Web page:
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Silsoe-Birmingham Research
Wrest Park
Bedford, UK
MK45 4HS
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Tel: 01525 864869


Wind Engineering is a wide ranging multi-disciplinary subject that has developed over the last few decades, and is concerned with the effects of wind on the natural and built environment. These effects can be both catastrophic, leading to the failure of major buildings or other structures, or can lead to discomfort and disruption. However, the wind can also have a number of beneficial effects not least of which is the opportunity to provide a clean and renewable source of energy.

The research interests of the group are wide and varied but can loosely be divided into the following categories:

Full-scale measurement

All Wind Engineering studies are underpinned by an understanding of the real environment, which is complex. Often full scale measurements are the only practical solution even despite the higher costs. Using an internationally recognised field site the group is seeking to develop the understanding and scientific descriptions of the wind environment for the future of engineering construction, wind power, atmospheric pollution control and transport safety as well as human comfort both inside and outside buildings.

We have a long history of modelling the interaction of wind on the built and natural environment. Our full scale expertise is not only restricted to the built environment, for example, we have expertise in monitoring and modelling the interaction of the wind with both trees and crops. A significant proportion of our work in this area is used extensively by industry.

Characteristics of extreme non synoptic winds

Until recently there was a tendency to assume that we understood all that we need to know about windstorms, their origins and characteristics. In fact, it was assumed that all the extreme winds were largescale synoptic winds, with boundary-layer characteristics remarkably similar to those found in boundary-layer wind tunnels! This is far from the truth. A good example is extreme winds produced by thunderstorms.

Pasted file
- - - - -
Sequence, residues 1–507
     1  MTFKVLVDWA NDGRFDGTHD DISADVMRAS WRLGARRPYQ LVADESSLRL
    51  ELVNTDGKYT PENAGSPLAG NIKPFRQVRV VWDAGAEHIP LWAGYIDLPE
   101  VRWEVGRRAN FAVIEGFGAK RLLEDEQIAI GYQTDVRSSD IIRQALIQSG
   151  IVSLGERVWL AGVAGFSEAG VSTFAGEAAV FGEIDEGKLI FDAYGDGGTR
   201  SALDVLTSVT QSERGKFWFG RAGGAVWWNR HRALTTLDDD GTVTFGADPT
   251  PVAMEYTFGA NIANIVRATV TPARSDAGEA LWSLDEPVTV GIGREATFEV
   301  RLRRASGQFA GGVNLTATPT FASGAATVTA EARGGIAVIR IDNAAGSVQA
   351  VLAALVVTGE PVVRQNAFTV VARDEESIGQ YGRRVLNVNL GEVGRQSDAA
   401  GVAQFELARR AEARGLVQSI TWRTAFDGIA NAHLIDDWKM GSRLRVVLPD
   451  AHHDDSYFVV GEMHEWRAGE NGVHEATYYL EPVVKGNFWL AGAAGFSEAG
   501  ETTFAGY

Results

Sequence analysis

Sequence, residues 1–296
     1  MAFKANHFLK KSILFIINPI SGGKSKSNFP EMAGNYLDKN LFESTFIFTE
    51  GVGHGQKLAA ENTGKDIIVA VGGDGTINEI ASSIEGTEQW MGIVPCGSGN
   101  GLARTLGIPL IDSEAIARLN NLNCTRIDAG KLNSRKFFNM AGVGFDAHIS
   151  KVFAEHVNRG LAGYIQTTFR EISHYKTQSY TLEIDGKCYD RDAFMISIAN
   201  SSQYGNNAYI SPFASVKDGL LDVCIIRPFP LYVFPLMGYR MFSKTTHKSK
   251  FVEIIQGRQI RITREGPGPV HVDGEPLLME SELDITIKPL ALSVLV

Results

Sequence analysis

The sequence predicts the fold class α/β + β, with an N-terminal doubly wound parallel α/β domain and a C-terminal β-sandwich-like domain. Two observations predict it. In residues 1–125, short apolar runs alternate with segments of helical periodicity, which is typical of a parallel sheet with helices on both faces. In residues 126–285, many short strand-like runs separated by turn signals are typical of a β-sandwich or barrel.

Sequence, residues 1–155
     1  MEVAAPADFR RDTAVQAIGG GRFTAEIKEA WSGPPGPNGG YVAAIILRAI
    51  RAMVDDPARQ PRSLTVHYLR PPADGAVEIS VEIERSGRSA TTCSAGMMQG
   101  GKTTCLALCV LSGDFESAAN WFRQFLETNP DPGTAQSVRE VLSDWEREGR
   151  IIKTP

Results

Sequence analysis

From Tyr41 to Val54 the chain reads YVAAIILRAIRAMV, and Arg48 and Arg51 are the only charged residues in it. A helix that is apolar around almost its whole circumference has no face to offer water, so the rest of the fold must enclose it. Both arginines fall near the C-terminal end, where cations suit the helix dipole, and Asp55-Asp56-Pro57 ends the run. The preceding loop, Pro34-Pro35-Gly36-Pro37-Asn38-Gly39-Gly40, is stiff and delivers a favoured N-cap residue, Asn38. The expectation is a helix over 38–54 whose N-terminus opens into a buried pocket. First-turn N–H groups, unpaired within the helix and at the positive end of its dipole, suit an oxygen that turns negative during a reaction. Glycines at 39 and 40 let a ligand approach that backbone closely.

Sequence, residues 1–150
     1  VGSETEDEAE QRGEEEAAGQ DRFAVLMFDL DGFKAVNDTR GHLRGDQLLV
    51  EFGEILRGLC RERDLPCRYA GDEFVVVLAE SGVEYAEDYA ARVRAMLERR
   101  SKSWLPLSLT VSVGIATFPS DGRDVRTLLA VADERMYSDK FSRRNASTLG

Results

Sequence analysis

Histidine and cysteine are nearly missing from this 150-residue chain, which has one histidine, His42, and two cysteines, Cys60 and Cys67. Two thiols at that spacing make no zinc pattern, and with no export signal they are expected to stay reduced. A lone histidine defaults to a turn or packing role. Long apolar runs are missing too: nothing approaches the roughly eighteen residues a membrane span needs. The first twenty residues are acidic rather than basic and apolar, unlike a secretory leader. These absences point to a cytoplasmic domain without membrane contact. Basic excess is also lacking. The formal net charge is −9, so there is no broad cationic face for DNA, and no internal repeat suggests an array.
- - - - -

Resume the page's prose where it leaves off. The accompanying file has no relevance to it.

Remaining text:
Dr J Holmes

During the last few years, the international wind engineering community has come to realise that the short intense gusts caused by thunderstorms and other non synoptic winds have a major effect on structures, forest plantations and arable crops and there is a need to better understand the nature of these gusts to enable more appropriate design of structures to be carried out, more efficient shelterbelts to be developed etc.

Simulation of a thunderstorm downburst

We have recently constructed a large scale experimental rig in order to examine in detail the flow characteristics associated with thunderstorm downbursts. The scale of this facility is truly unique and offers the potential for ground breaking research to be undertaken.

Interaction of wind and vehicles

Over the years the effects of high winds on road and rail vehicles have become of increasing concern to transportation system operators. Cars, high-sided lorries and trains can be at risk of a wind-induced accident on exposed sites such as embankments or long span bridges. We are currently working on a number of different projects to try and understand the interaction between the wind and vehicles in addition to developing new systems to enable risk evaluation.

Coherent Structure Analysis

A knowledge of near ground turbulence is required for a variety of environmental and engineering applications. In the past it has been assumed that turbulence parameters could be described in conventional statistical terms through means, standard deviations, correlations, spectra etc. However, there is a growing body of evidence that for high speed wind flows over smooth rural terrain, small and medium scale coherent structures can be identified, particularly at the occurrence of extreme gusts. Such structures have been observed at laboratory scale but their form at full scale remains elusive.

In the future we envisage working in the following areas:

  • The measurement of train slipstreams and wakes
  • Pedestrian level winds and corresponding comfort criteria
  • The determination of wind gust factors
  • The effect of weather conditions on atmospheric pollutant levels
  • Wind loading codes, a comparison with full scale measurements
  • Understanding extreme wind events
  • Physical simulation of thunderstorm downburst events
  • Evaluation of the wind induced forces and corresponding flow field around a high speed train
  • Small scale, building integrated wind power systems
  • Wind storms and Disaster Management

If you would like to know more about the topics outlined above or other possible research areas, or if you have any ideas of your own and wish to discuss them, then please feel free to contact us.